Ursula le Guin says, "It is good to have an end to journey towards, but it is the journey that matters, in the end." So here I am, at the beginning of my journey, with no idea of the end, except that it will be home again, eventually. I have been on the road two days, down the Newell Highway, heading for Daylesford and the Words in Winter Festival. It will be marvo to see fellow tellers and hear their stories - but first I must traverse half the continent in my new van, Toot Toot. She is a little beauty, a Renault Kangoo, brand new and all set up to take me and the story box south. But in the beginning, before I left, I had lots of difficult choices to make. What books would I take with me? How could I leave my library at home for weeks? I borrowed as many audio books as I could from the wondrous DBay Library. If only I had planned ahead enough to have an EReader. Lackaday, Lackaday.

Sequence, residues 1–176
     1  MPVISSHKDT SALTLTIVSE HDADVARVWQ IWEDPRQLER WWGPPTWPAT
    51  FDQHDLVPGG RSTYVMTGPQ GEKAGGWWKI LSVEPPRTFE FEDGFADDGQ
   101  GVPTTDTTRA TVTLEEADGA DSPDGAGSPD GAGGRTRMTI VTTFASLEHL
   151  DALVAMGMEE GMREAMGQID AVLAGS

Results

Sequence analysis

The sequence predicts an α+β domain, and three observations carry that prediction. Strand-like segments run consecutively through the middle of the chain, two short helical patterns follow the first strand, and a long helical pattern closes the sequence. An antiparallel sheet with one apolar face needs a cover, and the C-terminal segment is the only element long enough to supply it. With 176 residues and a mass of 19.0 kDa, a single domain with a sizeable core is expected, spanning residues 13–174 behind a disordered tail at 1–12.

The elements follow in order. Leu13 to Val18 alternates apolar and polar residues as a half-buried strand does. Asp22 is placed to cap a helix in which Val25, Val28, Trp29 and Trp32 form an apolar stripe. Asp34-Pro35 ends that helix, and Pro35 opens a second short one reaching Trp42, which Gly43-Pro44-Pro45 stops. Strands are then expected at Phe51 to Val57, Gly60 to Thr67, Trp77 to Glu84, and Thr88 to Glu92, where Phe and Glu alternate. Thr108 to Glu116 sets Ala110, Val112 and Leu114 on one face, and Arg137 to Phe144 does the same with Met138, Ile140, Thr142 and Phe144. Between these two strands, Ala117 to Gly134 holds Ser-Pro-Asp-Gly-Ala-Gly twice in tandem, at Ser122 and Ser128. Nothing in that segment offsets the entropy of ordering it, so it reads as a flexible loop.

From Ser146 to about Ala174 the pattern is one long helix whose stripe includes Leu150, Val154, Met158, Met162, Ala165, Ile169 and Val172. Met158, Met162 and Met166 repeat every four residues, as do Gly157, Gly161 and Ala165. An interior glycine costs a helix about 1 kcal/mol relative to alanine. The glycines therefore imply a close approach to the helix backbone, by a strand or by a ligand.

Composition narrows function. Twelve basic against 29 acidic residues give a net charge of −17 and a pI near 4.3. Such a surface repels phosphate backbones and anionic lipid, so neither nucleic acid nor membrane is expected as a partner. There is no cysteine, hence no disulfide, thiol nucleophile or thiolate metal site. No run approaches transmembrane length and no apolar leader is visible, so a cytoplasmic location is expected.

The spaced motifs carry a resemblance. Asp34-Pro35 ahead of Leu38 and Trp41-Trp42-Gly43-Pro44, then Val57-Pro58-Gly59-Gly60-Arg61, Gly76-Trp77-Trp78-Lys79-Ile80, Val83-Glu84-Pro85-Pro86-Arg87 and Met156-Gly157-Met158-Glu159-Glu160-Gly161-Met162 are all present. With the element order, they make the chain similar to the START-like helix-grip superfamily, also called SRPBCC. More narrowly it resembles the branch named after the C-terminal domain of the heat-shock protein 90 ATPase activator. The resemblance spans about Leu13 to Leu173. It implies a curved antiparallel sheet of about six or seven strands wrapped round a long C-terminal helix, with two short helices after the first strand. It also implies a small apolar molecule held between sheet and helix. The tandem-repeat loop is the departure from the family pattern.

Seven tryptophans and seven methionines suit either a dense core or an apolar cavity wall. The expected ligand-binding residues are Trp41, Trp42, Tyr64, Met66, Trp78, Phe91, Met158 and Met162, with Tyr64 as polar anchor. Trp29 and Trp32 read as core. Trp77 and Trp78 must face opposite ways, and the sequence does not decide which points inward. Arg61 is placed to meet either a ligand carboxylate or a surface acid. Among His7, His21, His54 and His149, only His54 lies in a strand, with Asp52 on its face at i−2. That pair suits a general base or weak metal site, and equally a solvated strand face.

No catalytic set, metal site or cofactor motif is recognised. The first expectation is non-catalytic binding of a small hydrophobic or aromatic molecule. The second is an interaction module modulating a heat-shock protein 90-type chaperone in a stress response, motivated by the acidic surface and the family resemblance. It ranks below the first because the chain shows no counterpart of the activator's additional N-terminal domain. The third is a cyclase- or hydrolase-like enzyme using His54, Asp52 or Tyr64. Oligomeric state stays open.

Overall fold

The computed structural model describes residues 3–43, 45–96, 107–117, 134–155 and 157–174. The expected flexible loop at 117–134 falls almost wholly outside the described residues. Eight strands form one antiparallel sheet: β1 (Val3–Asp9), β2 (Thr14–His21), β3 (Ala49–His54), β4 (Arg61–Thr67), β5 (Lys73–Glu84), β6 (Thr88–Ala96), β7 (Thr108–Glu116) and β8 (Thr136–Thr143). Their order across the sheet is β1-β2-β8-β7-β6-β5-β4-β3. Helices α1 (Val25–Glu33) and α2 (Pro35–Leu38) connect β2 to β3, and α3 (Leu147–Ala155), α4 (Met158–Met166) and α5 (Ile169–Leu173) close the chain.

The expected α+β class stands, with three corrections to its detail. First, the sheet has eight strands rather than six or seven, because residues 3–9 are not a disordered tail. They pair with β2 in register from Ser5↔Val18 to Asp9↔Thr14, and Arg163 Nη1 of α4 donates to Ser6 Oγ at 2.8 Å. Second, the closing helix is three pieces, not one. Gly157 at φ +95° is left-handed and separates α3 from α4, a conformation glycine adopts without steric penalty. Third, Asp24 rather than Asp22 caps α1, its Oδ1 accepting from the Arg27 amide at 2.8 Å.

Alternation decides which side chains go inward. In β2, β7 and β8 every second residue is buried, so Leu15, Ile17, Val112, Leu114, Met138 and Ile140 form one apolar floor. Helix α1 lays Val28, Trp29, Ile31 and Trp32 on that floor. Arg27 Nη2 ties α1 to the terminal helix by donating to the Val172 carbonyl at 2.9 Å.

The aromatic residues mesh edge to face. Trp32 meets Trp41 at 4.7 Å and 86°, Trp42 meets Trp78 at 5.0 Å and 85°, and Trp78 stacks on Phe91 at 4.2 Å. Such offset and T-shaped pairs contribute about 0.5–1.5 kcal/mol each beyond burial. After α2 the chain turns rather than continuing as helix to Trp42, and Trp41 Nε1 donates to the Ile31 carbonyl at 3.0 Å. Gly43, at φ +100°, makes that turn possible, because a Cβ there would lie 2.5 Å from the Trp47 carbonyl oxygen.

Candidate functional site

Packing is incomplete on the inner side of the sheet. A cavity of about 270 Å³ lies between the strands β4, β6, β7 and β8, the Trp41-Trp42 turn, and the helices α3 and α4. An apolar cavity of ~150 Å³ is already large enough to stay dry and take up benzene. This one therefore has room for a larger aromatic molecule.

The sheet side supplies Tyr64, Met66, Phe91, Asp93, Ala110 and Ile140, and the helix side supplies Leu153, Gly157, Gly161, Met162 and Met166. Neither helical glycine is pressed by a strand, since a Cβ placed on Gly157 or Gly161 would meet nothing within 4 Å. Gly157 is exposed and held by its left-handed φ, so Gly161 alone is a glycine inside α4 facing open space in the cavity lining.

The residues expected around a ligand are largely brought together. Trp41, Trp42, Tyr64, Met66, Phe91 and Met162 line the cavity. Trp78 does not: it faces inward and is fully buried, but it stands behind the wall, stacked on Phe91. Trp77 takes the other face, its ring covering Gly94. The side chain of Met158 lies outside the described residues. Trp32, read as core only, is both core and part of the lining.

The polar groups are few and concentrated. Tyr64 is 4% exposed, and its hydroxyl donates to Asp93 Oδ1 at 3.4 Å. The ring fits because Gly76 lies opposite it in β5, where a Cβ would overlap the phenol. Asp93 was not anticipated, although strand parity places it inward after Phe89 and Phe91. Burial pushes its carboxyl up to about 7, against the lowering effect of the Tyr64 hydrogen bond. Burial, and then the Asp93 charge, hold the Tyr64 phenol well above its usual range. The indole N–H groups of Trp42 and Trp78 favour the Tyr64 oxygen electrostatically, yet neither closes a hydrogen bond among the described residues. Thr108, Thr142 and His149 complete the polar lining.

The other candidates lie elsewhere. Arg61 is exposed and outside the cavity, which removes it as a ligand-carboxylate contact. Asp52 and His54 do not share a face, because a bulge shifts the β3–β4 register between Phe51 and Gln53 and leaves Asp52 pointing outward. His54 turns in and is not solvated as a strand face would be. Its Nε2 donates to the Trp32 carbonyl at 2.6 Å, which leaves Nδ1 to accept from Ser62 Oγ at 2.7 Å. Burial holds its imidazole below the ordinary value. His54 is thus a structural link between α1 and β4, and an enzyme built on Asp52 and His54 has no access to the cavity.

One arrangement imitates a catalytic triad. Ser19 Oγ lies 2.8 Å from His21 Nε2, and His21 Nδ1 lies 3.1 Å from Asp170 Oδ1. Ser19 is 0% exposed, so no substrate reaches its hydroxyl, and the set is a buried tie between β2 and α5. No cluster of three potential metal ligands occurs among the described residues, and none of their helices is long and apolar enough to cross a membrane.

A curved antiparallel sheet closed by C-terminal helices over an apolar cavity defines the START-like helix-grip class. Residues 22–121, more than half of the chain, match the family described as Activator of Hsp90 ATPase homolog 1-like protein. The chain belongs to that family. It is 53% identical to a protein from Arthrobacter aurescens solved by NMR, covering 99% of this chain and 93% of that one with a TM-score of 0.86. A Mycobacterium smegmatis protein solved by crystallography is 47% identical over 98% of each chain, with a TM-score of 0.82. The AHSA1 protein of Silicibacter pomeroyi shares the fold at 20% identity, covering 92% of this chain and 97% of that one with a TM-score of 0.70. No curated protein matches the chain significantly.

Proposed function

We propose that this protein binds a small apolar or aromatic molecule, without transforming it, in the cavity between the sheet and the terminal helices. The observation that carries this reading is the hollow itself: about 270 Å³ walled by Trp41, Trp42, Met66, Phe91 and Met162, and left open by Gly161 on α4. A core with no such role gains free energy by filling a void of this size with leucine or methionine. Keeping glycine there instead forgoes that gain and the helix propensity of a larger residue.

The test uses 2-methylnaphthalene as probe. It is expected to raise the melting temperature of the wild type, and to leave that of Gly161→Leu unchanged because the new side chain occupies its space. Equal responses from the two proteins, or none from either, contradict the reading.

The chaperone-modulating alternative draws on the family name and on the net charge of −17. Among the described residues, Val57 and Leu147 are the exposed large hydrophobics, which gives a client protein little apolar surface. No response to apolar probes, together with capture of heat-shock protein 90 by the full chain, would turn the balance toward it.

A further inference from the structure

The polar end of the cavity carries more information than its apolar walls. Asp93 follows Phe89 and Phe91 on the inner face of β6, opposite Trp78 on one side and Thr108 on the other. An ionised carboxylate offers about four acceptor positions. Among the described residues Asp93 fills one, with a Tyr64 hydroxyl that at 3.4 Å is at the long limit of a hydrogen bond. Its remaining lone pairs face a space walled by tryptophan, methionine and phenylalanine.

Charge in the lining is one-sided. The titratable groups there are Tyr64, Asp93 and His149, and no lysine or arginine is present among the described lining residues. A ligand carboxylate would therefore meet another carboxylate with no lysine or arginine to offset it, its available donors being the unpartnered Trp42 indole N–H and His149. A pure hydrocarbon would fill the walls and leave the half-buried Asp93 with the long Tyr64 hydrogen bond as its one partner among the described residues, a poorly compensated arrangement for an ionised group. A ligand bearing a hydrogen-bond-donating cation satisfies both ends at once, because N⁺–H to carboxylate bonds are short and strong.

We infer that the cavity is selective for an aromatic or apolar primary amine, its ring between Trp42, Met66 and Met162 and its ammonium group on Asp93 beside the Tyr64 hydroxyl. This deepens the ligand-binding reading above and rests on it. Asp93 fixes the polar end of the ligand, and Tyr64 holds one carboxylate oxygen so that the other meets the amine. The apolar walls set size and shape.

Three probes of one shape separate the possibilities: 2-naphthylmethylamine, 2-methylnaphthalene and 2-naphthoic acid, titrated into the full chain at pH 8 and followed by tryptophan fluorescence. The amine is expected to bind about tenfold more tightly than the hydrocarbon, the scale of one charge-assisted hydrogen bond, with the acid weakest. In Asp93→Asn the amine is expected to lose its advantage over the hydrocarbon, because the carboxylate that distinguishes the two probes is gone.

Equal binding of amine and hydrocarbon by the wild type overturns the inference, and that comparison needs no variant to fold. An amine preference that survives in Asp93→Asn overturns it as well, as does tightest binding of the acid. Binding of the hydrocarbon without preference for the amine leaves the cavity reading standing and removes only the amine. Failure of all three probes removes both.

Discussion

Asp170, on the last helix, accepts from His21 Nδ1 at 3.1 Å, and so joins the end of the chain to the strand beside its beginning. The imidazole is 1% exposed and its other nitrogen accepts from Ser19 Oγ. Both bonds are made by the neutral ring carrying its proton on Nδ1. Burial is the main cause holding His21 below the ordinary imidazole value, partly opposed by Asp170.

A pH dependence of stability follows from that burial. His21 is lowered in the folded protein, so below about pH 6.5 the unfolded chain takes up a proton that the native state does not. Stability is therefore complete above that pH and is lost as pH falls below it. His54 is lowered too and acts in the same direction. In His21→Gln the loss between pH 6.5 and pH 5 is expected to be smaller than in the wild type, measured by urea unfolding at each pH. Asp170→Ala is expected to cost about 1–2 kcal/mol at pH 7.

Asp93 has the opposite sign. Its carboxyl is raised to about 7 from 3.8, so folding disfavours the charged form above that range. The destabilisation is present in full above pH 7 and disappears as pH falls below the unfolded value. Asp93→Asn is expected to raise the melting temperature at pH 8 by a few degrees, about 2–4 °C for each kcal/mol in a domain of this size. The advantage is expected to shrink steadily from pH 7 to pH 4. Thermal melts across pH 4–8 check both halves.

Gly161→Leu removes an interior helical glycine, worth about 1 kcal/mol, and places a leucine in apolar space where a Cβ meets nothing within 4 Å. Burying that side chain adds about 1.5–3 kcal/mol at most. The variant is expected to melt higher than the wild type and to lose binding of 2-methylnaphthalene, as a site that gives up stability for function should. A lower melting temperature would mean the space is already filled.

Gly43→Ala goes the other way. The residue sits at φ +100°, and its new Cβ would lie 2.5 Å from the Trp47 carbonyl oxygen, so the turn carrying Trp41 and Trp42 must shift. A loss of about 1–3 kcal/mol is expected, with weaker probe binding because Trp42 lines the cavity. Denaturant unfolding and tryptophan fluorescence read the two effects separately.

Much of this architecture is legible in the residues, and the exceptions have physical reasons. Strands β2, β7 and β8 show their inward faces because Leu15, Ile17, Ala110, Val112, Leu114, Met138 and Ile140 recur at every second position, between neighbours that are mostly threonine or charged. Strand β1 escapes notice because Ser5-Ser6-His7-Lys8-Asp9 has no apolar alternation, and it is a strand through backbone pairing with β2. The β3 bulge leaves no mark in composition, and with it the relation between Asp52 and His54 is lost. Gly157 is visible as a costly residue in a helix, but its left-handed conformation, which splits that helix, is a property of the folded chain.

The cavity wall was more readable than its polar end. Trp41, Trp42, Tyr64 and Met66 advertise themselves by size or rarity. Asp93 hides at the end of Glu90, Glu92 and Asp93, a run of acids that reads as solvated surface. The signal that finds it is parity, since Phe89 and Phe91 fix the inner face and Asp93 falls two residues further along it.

Whew up there, girl! Remember this journey is about solitude, and the landscape and the stories that emerge - not taking every moment to catch up on favourite authors and books. My wondrous friend and fellow teller, Jackie Kerin, calls it 'addicted to print' and that is true enough, but it is really addicted to story. Story tells us who we are and where we come from. It makes sense of experience by placing it in a context. Sure enough the context constantly changes. That is the heart beating challenge, the wild old ride between teller and listener. As a storyteller I have been traversing the continent for years - with small children, smart mouth teens, jaded workers and wise old folk. Sometimes my fellow tellers were full of laughter and good cheer, often they were truthful with a capital T and vulnerable, mostly they have shared their stories with great generosity of spirit. This is the spirit I emulate.